As part of my religious observance, I fast for 24-hours once a month, every month (as long as I'm not pregnant or nursing full time). Though I don't know of any religion that encourages its people to fast as regularly as mine does, many others religious people believe in the spiritual benefits of fasting. But did you know there are many physical health benefits as well?
And it's important to note the following from this site:
"A fast does not chemically begin until the carbohydrate stores in the body begin to be used as an energy source. The fast will continue as long as fat and carbohydrate stores are used for energy, as opposed to protein stores. Once protein stores begin to be depleted for energy (resulting in loss of muscle mass) a person is technically starving."
So we're not talking about starving here (though it certainly often feels that way for most of us), but simply giving the body a rest from the digestion process for one day.
"The human body has many ordinary modes of achieving elimination: the liver, lungs, kidneys, colon, etc. When these are overloaded, the body will resort to "extra ordinary" methods of elimination: boils, mucous and other discharges, sweats, vomiting, diarrhea, and many others. Should elimination be impossible or uneconomical of body energy, the toxic overload will go into storage forms in the joints, vessels, muscles, organs; almost any tissue in the body. While fasting, the body is highly conservative of its energy and resources." (link)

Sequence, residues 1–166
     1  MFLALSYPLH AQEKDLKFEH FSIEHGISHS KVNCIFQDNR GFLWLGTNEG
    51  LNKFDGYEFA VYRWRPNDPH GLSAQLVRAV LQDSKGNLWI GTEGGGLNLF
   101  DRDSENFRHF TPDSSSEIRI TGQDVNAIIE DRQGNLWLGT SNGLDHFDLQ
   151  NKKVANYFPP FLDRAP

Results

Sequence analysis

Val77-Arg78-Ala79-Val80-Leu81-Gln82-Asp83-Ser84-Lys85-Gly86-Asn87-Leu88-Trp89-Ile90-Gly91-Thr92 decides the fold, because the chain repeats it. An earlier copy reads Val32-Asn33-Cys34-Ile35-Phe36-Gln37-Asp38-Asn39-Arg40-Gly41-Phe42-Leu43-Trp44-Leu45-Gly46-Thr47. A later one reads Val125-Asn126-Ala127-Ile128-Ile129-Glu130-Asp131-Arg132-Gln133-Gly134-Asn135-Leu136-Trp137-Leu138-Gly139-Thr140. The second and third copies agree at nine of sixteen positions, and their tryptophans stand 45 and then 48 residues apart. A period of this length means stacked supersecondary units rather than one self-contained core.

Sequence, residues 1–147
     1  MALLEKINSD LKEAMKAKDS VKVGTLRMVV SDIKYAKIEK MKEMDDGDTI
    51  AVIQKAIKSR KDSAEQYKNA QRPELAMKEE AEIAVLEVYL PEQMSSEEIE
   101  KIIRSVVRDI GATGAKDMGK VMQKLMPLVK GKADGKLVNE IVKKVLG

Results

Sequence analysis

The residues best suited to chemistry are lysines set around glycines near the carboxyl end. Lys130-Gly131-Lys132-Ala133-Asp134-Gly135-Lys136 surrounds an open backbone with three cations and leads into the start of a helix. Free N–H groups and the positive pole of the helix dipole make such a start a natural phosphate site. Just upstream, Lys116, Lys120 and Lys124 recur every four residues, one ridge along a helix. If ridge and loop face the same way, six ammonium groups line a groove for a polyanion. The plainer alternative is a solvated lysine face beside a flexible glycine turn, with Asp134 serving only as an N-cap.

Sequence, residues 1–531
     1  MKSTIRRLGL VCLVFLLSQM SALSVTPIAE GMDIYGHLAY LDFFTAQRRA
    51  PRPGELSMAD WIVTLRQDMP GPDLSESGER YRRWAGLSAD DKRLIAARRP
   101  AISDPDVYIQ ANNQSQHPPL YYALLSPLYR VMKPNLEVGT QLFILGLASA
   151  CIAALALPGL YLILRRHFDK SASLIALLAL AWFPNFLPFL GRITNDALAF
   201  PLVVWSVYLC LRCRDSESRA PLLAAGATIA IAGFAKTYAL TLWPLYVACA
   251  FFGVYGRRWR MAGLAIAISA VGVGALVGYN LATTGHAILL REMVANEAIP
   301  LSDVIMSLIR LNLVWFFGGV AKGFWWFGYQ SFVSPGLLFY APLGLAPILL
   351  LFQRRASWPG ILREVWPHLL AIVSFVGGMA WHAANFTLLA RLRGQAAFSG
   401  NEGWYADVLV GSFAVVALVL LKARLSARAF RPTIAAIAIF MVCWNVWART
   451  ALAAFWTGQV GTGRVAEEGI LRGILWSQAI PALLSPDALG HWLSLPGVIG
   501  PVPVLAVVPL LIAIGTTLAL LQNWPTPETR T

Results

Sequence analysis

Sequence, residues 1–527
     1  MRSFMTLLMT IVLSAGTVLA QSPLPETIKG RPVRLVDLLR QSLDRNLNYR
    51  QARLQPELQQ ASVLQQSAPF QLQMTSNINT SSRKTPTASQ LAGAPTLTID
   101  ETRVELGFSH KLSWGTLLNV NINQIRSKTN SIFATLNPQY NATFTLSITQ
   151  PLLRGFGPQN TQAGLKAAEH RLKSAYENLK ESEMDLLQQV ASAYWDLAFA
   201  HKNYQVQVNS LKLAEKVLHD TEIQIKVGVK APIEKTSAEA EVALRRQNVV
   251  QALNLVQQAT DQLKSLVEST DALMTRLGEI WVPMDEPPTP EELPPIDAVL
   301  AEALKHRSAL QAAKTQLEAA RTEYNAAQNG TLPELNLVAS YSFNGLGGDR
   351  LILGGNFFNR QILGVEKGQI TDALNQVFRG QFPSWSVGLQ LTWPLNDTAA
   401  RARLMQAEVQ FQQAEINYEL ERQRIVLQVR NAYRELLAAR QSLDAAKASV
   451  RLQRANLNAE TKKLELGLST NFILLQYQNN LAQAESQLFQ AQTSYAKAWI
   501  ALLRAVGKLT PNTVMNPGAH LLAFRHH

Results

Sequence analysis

For those whose physical condition allows them to fast, did you know how many health benefits there are to this practice? Among other things, fasting allows for:Autolysis
- Rejuvenation of digestion system
- The body to divert its energy from the digestive system and toward metabolism and the immune system
- Better resistance to disease
- A higher efficiency in protein synthesis, which results in healthier cells, tissues and organs
- Increased mental acuity
- Easier transition into a healthier diet/lifestyle
- Overcoming addictions
- Healing of chronic conditions and disease, such as allergies, uterine fibroid tumors, cardiovascular disease, gastrointestinal disorders, and diabetes
“A wonderful thing about fasting is that it puts an interval between the behavior that you are accustomed to and the behavior that you aspire to. We tend to be creatures of habit, and the ways that we are accustomed to eating and living feel as natural to us as breathing. That is why it is so difficult for people to stop bad habits. But fasting brings your present lifestyle to an abrupt halt. It gives you an opportunity to pause, reflect and decide how you are going to conduct your life afterwards. This enables you to make a break with your past and set off in a new, more positive direction." (link)